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Dutch researchers join forces to build synthetic cell

09 May 2017

The Dutch research consortium BaSyC is taking on the challenge of building a synthetic biological cell. To that end, it has received a grant of almost € 19 million from the Gravitation programme of the Netherlands Organisation for Scientific Research (NWO). The research partners themselves will fund the remaining six million of the more than € 25 million that the research programme will cost in total.

Prof. Bert Poolman , co-applicant of the grant, will coordinate the projects done by the five research groups of the University of Groningen. Their work takes up the one but biggest part of the BaSyC project. In total the consortium consists of researchers from five universities and AMOLF, one of the NWO research institutes, and is coordinated by the TU Delft University.

The cell is the basis of all organisms. Building a synthetic biological cell is one of science's greatest challenges of the 21st century. We already have extensive knowledge of the molecular building blocks that form the basis of life, but we do not yet understand how they work together to make life possible. The BaSyC consortium therefore aims to combine biomolecular building blocks to construct an autonomous, self-reproducing cell: a cell that can sustain itself, grow and reproduce.


They intend to build this synthetic cell from the bottom up, which is the most fundamental strategy for learning to understand a cell. They plan to derive the molecular building blocks and mechanisms for the synthetic cell from various existing rudimentary organisms. This means that the end product will function based on the principles of life as we know it, without mimicking any specific existing species.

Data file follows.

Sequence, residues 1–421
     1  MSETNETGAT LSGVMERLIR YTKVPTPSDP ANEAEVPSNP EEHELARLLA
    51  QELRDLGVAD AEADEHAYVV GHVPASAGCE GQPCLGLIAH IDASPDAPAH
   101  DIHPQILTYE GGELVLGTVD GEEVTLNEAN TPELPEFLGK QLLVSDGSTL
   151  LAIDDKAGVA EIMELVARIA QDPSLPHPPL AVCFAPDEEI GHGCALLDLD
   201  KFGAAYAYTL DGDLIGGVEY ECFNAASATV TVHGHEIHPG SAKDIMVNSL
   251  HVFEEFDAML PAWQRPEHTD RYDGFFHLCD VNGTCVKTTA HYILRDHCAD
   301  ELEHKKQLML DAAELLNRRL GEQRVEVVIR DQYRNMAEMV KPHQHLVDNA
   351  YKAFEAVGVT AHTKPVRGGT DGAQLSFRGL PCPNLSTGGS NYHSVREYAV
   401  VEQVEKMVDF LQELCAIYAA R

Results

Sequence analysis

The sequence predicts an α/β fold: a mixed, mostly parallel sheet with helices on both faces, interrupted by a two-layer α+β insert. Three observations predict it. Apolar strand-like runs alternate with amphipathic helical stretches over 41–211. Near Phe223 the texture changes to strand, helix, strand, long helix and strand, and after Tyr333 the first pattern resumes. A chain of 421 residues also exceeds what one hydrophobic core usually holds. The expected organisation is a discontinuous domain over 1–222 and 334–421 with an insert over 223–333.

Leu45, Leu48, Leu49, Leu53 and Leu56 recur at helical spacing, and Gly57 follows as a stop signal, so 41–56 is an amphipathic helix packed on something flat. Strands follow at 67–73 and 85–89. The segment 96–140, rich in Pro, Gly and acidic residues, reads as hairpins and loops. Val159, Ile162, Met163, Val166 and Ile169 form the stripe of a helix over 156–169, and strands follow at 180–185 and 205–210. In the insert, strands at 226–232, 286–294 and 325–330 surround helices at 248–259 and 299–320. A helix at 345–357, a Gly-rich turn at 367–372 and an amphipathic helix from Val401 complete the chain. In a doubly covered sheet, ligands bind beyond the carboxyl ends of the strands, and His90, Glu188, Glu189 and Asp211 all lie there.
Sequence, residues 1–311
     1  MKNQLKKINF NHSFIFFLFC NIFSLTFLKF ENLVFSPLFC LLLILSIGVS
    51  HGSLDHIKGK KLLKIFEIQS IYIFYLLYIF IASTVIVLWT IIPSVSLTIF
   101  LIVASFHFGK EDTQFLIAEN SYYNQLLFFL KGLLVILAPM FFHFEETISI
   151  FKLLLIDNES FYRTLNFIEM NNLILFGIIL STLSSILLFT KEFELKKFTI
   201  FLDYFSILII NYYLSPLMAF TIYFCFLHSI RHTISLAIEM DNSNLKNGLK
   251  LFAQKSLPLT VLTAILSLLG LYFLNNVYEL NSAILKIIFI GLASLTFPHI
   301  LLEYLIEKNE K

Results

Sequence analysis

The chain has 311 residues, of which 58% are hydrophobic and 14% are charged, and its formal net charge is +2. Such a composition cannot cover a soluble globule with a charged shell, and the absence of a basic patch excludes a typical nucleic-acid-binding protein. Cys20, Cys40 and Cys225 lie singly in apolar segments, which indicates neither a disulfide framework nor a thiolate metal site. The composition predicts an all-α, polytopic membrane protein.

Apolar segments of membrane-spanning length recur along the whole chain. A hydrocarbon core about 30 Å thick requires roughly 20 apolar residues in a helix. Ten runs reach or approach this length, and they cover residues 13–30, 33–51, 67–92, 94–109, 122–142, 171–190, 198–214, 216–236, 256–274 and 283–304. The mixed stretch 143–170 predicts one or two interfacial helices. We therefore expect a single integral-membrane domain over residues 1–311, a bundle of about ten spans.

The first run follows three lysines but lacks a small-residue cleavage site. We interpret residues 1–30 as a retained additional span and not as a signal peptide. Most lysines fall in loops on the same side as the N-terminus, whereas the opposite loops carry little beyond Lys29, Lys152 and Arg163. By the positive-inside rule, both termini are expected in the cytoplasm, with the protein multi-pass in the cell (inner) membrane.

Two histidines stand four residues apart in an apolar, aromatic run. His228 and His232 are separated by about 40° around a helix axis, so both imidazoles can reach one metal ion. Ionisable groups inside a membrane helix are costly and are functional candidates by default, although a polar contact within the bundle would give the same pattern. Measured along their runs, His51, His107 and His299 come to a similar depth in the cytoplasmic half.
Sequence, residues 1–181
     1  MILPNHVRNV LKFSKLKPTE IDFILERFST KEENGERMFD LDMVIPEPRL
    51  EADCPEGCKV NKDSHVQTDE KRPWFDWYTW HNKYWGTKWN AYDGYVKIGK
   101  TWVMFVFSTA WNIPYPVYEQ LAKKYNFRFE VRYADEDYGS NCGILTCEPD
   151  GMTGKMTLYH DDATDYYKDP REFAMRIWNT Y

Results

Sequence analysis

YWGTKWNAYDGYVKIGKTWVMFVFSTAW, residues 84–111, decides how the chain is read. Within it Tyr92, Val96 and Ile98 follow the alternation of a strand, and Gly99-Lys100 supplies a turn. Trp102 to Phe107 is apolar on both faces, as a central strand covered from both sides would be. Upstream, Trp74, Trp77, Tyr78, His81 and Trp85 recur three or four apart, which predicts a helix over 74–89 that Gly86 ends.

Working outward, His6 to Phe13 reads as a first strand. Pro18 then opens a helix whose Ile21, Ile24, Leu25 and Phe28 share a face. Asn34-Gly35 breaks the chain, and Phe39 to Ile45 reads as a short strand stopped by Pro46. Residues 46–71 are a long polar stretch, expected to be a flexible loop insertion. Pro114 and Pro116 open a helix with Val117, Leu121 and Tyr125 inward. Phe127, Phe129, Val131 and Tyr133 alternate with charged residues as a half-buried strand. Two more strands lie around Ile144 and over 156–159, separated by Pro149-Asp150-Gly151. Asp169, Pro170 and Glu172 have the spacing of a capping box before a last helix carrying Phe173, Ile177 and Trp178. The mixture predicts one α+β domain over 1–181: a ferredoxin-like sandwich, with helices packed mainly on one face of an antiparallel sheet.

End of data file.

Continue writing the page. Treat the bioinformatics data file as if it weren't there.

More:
Artist’s impression (Graham Johnson) of a synthetic cell
Artist’s impression (Graham Johnson) of a synthetic cell

Knowledge of the processes of life opens up unprecedented opportunities for a healthy and sustainable world in many areas, such as healthcare, agriculture, materials and energy. According to Dogterom, a better understanding of the molecular basis for cellular behaviour can contribute to the future development of targeted medication and personalised treatments for chronic diseases, such as cancer.

Potential applications include new screening methods for antibiotics and medicines, biosensors and solutions to antimicrobial resistance. Designing synthetic cellular systems will also enable humankind to produce new, smart and environmentally-friendly materials for high-tech industry, new biofuels and biodegradable polymers. It will also help facilitate the sustainable production of safe and healthy food.

With the NWO Gravitation programme, the government encourages outstanding research in the Netherlands. It is intended for scientific consortia that have the potential to rank among the world’s best.

The University of Groningen is involved in four out of six projects that have been granted by the NWO.

Read more

Millions in grants for UG researchers from Gravitation programme

Video animation ’BaSyC: Building a synthetic cell, bottom-up’ by Enrique Sahagún.

Last modified:22 June 2017 5.44 p.m.
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